A further object of this invention is to provide novel and improved frame pieces made of strip material which is a lamination or an extrusion comprising an intermediate metal strip faced by outer transparent plastic strips or imbedded in plastic material, and although the metal ply imparts the appearance of metal to the composite frame, the coloring of the plastic plies can be chosen so that the appearance shall be of another metal.
Another important object of the invention is to provide novel and improved sign letter constructions of the kind set forth which affords novel and pleasing decorative effects when illuminated from behind.
Other objects and advantages will become apparent as this disclosure proceeds.
For one practice of this invention, a generally fiat letter-form which may be cut from a transparent plastic plate, has a frame of strip material tightlyfitted around it; the width of such strip being several times the thickness of the letter-form and the letter-form being recessed in such frame. Said strip material is a lamination or extrusion in which the middle ply is a metal between outer transparent plies. The perimetrical edges of the letterform being in abutment with a plastic ply, it is bonded thereto by-a suitable transparent solvent or cement. Said strip material is formed with an integral edging which is along the perimeter of the viewable face of the composite letter structure. In another embodiment, said edging is a separate piece. In all instances, a perimetrical edge of the edging is in contact with the outer face of the letter-form whereby plastic material of said edging is against said face. The metal ply of said strip material and of said separate edging, may be faced with plastic or imbedded therein.-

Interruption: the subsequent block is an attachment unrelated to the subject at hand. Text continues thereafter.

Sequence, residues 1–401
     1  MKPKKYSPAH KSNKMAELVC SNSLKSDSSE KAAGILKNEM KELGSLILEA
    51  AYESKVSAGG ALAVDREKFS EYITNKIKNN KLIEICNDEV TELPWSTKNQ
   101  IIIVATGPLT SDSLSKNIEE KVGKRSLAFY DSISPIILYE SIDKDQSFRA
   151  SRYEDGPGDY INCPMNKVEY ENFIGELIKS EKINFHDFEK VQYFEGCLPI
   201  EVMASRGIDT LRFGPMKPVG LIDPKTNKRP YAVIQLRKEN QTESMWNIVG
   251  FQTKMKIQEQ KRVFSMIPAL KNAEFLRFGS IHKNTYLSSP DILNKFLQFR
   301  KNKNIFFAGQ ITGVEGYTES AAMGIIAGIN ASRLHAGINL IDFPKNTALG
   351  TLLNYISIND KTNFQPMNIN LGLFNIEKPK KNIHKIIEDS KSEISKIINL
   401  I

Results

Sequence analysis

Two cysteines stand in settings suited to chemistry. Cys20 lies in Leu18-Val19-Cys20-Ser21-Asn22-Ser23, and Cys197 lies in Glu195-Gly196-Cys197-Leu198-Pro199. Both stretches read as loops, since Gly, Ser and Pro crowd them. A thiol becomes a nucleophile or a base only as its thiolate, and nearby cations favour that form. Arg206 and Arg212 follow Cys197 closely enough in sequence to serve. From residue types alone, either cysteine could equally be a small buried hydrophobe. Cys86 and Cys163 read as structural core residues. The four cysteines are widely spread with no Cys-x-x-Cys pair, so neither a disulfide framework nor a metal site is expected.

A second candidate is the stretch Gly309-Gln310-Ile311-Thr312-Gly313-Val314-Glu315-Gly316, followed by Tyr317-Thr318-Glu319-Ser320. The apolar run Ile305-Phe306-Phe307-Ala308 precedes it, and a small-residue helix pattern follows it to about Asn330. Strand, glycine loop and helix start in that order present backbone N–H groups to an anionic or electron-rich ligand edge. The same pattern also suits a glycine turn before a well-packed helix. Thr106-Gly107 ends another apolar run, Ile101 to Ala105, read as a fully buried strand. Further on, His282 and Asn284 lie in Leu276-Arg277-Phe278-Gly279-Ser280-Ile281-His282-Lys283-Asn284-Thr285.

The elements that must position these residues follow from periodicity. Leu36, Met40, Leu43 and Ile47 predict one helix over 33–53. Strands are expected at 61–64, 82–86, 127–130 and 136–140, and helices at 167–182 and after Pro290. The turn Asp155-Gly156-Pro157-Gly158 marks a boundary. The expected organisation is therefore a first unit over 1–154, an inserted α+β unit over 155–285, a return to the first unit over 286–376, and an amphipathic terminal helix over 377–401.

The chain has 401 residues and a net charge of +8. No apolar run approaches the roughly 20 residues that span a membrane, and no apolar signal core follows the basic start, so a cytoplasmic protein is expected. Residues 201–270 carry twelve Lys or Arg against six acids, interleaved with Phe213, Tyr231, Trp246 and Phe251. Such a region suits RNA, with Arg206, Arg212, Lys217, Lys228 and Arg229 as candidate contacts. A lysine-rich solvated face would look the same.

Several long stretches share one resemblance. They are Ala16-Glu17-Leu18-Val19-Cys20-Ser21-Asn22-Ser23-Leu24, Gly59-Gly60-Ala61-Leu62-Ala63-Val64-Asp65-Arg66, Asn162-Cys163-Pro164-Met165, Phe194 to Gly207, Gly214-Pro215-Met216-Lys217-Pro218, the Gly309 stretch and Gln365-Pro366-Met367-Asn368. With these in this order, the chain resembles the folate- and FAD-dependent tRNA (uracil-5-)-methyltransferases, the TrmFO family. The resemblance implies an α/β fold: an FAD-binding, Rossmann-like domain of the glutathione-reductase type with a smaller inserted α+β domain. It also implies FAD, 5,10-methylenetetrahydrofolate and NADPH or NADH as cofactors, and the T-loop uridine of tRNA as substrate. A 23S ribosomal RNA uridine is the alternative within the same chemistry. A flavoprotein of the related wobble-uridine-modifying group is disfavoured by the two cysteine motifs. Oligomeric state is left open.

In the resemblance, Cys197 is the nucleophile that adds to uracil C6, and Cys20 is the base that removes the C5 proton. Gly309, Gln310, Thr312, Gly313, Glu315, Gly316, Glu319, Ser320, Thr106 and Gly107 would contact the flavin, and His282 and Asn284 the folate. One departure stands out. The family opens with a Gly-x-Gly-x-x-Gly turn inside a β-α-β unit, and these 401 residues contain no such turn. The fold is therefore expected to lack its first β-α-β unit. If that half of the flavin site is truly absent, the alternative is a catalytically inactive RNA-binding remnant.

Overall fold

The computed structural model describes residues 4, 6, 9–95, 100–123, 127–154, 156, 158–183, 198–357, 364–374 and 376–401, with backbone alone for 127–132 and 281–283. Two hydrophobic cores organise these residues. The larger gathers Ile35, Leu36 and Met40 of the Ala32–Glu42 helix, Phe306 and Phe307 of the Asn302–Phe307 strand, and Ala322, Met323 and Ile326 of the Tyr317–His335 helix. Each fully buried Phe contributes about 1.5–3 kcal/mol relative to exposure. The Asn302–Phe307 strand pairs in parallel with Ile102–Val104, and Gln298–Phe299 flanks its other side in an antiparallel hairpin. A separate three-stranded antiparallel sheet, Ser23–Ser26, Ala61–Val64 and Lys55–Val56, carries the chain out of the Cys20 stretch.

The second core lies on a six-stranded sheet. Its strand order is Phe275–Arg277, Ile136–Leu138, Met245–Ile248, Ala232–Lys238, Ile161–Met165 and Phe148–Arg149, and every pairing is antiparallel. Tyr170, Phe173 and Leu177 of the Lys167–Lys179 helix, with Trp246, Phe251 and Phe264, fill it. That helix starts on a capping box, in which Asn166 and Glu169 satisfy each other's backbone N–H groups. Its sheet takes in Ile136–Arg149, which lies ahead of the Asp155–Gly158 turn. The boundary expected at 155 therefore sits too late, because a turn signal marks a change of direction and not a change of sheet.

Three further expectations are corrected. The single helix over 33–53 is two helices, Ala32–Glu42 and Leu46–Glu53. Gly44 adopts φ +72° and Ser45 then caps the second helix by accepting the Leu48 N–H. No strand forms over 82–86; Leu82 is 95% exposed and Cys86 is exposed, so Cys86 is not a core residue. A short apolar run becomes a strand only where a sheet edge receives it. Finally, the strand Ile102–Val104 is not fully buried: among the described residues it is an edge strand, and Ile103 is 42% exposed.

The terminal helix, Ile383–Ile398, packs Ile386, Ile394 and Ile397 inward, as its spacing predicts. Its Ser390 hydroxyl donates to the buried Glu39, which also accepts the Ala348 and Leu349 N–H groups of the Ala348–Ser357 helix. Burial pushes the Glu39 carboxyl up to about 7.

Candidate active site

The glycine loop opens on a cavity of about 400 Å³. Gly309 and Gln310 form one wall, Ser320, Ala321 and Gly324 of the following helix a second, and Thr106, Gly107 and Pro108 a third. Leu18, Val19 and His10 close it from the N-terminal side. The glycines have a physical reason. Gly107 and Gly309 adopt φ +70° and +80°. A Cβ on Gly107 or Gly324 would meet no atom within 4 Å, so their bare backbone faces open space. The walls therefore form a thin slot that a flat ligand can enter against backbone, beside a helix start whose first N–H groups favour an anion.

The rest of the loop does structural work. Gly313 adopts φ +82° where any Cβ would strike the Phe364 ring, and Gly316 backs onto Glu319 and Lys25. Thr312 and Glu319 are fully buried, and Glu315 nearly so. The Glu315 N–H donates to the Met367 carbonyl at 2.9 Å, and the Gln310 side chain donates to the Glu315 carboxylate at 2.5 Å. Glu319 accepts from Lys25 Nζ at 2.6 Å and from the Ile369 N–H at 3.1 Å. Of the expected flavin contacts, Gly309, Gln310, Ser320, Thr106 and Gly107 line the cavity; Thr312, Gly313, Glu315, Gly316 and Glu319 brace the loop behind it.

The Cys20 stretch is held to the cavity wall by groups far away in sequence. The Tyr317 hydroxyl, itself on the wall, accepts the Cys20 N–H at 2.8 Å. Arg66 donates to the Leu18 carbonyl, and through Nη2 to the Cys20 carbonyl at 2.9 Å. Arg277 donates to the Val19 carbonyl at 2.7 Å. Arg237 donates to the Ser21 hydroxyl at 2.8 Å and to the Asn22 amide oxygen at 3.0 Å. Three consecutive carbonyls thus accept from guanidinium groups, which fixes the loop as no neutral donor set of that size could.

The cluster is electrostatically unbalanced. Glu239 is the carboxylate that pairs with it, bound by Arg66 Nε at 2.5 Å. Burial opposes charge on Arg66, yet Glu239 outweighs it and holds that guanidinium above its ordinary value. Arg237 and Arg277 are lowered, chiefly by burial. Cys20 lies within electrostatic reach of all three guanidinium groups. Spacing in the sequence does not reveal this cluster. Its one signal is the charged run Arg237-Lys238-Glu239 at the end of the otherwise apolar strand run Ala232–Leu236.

Other incidents of structure will be set forth and a more detailed description of the preferred embodiments of this invention will now be given.
In the accompanying r-awing forming a part of this specification, similar characters of reference indicate corresponding parts in all the views.
FIG. 1 is a perspective View of a letter structure embodying teachings of this invention.